Thanks you give me hope that this will end and that some day he will start looking after himself!!!

hello my name is senna, i av been in ur son situation. There was a point in my life about 3 years a go i was lieing about my blood sugars and sneaking food. It didnt feel great doing it but my parents would argue with me when i had high or low blood sugars ands that was the reason why. I personally feel you need there might be need to talk to him more or encourage him to talk to you. When i first got diabetes i didnt feel like i could go to my parents, but eventually after lieing about my blood sugars for a couple of months i decided to go to my parents and they didnt react like they normally do, and now we have built this great relationship and i know i can go to them in any situation. No matter how good anyone is with there diabetes, we always have periods of time where things do collapse a bit. i hope you and your son can sort this out, because even though us teenagers dont show we really do appreciate our parents.
hope this helps Senna.

You are wise beyond your years!

Thank you :slight_smile: I have decided that today, after school he and I will sit down. We’ll wipe the slate clean. First, I’m going to apologize for all the years of tough love saying, “ok, you have Diabetes, you have to deal with it, someone else out there has a far worse disease that they cannot control”. That was wrong of me. When he was diagnosed, I never cried, I hugged him so tight and I prayed to God that he’d help me protect my son and allow him to have a full healthy life. I tried to teach my son that yes he has diabetes, but diabetes does not have him. But I never put myself in his shoes. I never took a day to test myself 10-12 times, to try and imagine how terrible his body feels when he’s low or high, to worry about running low if I run outside and play with my friends, to only be able to have one slice of cake at a birthday party, or no cake if I had a high blood sugar…the list goes on and on. My goodness, my son is wonderful. He truly is, he is so handsome, smart, kind and caring, he has a huge heart and is always more worried about everyone else than himself. I used to say to him that I wish I could take diabetes away from him and give it to me, that I pray for that everyday and he’d reply saying, “No Mom, no, I don’t want you to ever have this”. Breaks my heart.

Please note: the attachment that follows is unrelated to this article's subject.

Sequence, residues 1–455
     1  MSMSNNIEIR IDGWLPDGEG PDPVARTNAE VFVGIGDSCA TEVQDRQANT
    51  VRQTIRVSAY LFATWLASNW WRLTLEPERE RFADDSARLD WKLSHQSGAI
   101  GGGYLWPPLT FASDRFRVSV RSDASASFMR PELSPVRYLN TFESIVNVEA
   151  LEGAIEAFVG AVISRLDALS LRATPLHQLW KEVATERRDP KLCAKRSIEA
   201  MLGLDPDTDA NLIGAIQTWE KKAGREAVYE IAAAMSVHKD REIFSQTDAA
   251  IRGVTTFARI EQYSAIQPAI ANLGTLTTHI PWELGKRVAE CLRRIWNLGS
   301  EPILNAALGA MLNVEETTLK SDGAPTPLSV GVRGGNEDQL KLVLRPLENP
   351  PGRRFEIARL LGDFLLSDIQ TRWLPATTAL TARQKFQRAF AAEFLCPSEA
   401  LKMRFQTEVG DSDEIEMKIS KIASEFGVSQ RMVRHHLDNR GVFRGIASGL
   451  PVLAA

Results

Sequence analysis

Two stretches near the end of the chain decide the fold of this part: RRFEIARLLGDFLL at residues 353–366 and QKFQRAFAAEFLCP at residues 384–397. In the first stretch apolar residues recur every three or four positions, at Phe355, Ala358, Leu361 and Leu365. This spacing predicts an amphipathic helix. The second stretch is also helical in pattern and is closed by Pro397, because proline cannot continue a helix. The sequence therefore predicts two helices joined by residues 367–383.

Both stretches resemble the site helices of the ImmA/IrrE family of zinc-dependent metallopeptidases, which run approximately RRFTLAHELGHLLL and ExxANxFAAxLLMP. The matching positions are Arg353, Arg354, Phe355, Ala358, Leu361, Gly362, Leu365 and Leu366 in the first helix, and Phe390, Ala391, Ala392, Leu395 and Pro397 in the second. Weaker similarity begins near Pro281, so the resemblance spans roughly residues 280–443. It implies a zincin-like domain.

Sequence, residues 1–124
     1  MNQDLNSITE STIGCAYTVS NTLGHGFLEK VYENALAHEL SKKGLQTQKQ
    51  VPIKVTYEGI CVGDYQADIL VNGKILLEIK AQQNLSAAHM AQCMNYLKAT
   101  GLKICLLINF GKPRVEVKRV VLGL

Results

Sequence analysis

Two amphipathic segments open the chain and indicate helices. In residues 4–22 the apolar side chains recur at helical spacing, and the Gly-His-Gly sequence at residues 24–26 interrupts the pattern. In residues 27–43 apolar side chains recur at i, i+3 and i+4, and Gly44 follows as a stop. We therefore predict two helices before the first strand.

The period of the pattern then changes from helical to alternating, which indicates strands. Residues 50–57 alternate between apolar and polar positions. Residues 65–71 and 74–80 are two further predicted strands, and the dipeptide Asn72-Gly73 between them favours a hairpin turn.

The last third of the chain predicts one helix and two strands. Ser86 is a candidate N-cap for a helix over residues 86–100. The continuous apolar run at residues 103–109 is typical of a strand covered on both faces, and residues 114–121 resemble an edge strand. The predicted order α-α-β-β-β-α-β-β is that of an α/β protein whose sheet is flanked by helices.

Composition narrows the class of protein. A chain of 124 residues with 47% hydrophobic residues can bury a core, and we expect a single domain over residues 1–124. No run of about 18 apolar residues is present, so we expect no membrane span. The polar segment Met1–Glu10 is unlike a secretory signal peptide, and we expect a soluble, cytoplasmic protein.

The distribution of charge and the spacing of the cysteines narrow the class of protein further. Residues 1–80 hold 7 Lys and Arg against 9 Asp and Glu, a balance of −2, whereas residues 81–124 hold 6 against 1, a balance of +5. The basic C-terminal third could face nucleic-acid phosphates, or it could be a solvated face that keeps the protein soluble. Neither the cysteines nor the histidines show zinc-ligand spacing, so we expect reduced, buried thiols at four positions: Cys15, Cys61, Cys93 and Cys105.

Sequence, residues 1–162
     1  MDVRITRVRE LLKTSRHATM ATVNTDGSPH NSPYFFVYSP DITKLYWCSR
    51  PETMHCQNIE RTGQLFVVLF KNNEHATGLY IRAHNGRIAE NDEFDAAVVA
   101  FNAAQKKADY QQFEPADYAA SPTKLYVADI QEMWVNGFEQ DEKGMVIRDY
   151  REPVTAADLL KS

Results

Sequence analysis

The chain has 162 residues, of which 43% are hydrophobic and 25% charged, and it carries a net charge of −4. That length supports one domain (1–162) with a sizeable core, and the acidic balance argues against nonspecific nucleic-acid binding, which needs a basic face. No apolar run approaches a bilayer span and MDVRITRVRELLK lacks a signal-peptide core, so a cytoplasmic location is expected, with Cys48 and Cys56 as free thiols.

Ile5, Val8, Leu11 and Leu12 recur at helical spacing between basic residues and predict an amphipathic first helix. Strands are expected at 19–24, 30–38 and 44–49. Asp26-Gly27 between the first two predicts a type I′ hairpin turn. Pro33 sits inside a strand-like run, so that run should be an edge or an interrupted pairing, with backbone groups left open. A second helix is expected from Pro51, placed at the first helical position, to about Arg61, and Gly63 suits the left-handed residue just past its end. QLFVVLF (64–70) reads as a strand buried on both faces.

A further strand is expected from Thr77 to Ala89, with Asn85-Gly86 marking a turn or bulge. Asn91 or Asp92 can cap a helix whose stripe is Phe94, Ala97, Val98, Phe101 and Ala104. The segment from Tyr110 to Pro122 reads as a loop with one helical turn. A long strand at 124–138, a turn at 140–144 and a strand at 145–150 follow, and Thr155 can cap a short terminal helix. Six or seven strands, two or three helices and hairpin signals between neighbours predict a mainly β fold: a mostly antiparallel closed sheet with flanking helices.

I’m going to sit him down and ask him if he understands how serious of a disease this is and how poor control will hurt him later in life. I’m going to ask him what I can do to take some of the “diabetes” burden off of his shoulders. How can I support him and make it even a little easier on him. No more punishments, no more saying, “What? You’re 357??? What did you eat? Did you not bolus?” I’m going to accept his blood sugar result, no matter if it’s low or high and together we will fix them, one by one.
I will say this though. My son was dx’ed on 3-15-99, that day I’ll never forget. He lost a part of his childhood that day, the innocense of just being a kid. Every year on that day, instead of thinking about it as a negative, as “D” day… instead we have always celebrated this day. I have always told him that this day is for him, for being so strong, so brave and that is a day that we do something fun as a family or just he and I, whichever he chooses. He gets to stay home from school on that day, we go out to eat where ever he wants, he eats whatever he wants…he’s even had dessert before dinner :slight_smile:
I hope that after we talk this afternoon, things start to change for the better. I’m going to think positive, so yes, things will change!
Thank you all so very much xoxoxox

I must admit, I went through a similar phase to your son in my early teens. I sneaked sweets-a-plenty and didn’t increase my dose to cope with them, made up blood test results to show my doctor (which, thinking back now the doctor MUST have known were all lies due to my high A1c!!!) and generally acted like I didn’t have diabetes (other than still taking my normal insulin dose). I think it was just me trying to experience what it would be like to not have to worry about anything and like others have said, I reckon I was just wanting to be “normal” and fit in with people at school etc. It didn’t last long though and I soon started eating properly again and looking after myself when I got sick of eating sweets!

That was about 20 years ago (I’ve been Type 1 since age 3 diagnosed in 1979) and I don’t have any complications - I don’t know whether that’s due to luck or me taking care (I haven’t been the “perfect diabetic” at all during those years, getting much tighter control only in the last year or so).

Anyway, what I’m trying to say is, don’t worry about a few high A1cs - as long as it doesn’t continue for a long time he should be fine. Just try to listen to him rather than dictating what he should be doing too much - he’ll likely grow out of this phase naturally.